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i have never been more hopeful about america. and i ask you to sustain that hope. i'm not talking about optimism, the kind of hope that just ignores the enormity of the task ahead or the roadblocks that stand in our path, i'm not talking about the wishful idealism that allows us to just sit on the sidelines or short from a fight, i have always believed that hope is that is stubborn thing inside of us that something better awaits us so long as we have the courage to keep reaching, to keep working, to keep fighting. america i believe we can build on the progress we've made and continue to fight for new jobs and new opportunity, and new security for the middle class.
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i believe we can keep the promise of our founders, the idea that if you're willing to work hard. it doesn't matter who you are, or where you come from. or what you look like, or where you love, it doesn't matter whether you're white or black or hispanic or asian or native american or young or old, or rich or poor, abled, disabled, great or straight you can make it here in america if you're willing to try. i believe we can see this future together because we're not as divided as the politics suggest. we're not as cynical as the pundents believe. we remain more than a collection of red states and blue states, we are and forever will be the united states of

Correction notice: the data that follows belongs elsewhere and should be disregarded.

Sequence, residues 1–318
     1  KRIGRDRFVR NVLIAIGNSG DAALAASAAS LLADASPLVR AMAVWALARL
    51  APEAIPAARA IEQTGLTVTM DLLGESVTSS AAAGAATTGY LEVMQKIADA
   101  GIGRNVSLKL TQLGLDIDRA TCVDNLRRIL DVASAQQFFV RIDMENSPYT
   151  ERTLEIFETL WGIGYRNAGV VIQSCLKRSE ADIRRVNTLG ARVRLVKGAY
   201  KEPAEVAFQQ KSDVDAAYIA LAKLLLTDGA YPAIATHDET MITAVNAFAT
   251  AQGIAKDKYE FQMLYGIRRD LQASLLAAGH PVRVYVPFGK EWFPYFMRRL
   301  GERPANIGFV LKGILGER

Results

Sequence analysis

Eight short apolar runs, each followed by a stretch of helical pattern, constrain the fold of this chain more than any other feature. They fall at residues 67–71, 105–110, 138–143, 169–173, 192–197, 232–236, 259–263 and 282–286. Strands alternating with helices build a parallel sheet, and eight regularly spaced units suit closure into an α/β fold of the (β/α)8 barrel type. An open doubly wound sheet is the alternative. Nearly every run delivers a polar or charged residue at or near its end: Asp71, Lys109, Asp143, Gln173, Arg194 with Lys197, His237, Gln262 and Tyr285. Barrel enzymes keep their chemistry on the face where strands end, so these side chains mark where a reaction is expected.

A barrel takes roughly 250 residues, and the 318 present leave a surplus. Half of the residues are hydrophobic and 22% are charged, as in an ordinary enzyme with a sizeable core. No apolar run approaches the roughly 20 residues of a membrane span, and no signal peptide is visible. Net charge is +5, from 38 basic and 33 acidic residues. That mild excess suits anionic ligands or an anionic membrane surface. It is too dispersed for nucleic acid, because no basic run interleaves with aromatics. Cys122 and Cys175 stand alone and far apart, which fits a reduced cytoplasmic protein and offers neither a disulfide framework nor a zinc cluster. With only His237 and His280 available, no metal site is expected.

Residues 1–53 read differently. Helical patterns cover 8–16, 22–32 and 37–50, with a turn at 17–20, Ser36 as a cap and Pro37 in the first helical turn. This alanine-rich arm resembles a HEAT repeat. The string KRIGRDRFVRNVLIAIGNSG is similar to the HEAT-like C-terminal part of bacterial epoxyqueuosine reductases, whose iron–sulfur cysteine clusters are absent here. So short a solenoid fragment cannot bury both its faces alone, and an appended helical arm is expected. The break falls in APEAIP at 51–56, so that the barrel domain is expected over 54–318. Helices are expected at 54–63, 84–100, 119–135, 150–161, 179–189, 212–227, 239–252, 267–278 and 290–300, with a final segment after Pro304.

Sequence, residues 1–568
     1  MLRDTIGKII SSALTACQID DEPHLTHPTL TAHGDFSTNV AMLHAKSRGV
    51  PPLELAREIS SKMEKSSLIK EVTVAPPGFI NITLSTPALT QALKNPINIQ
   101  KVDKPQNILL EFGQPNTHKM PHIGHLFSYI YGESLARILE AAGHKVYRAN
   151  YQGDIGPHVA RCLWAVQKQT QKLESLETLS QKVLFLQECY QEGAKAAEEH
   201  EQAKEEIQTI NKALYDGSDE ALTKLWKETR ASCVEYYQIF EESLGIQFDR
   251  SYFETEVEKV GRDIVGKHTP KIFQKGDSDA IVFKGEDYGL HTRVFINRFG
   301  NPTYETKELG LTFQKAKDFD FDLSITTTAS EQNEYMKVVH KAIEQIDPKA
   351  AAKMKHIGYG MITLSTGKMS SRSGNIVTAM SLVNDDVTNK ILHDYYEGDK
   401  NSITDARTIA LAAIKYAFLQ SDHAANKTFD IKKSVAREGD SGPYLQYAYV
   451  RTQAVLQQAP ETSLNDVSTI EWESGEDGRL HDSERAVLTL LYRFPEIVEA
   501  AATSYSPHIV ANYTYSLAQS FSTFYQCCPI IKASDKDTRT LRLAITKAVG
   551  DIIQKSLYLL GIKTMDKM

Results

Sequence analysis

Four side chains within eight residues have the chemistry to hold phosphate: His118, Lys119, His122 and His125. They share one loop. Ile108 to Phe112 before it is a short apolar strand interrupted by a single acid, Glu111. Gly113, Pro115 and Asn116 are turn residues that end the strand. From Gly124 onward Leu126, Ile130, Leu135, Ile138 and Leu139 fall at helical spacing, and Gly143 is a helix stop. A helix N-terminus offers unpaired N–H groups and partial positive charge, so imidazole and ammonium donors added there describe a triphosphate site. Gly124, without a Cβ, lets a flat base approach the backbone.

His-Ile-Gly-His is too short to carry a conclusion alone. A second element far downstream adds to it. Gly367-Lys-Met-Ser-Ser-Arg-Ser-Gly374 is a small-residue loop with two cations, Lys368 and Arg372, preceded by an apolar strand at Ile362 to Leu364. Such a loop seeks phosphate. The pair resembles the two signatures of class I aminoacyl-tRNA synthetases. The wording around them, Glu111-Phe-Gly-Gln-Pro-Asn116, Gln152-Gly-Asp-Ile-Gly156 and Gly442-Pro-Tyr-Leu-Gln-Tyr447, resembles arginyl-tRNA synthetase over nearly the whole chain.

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america. and together with your help and god's grace we will continue our journey forward and remind the world just why it is that we live in the greatest nation on earth. thank you america. god bless you united states.

tv
Ten O Clock News
FOX November 6, 2012 10:00pm-11:00pm PST

News News/Business. New. (CC)

TOPIC FREQUENCY America 21, Chicago 13, Obama 12, Us 12, Romney 8, United States 5, Wisconsin 5, Boston 5, Michelle Obama 4, Julie 3, San Francisco 3, California 3, Iowa 3, Virginia 3, Washington 3, Barack Obama 2, Ken 2, Berkeley 2, Florida 2, Ktvu 2
Network FOX
Duration 00:59:59
Scanned in San Francisco, CA, USA
Source Comcast Cable
Tuner Channel 93 (639 MHz)
Video Codec mpeg2video
Audio Cocec ac3
Pixel width 704
Pixel height 480
Sponsor Internet Archive
Audio/Visual sound, color


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on 11/7/2012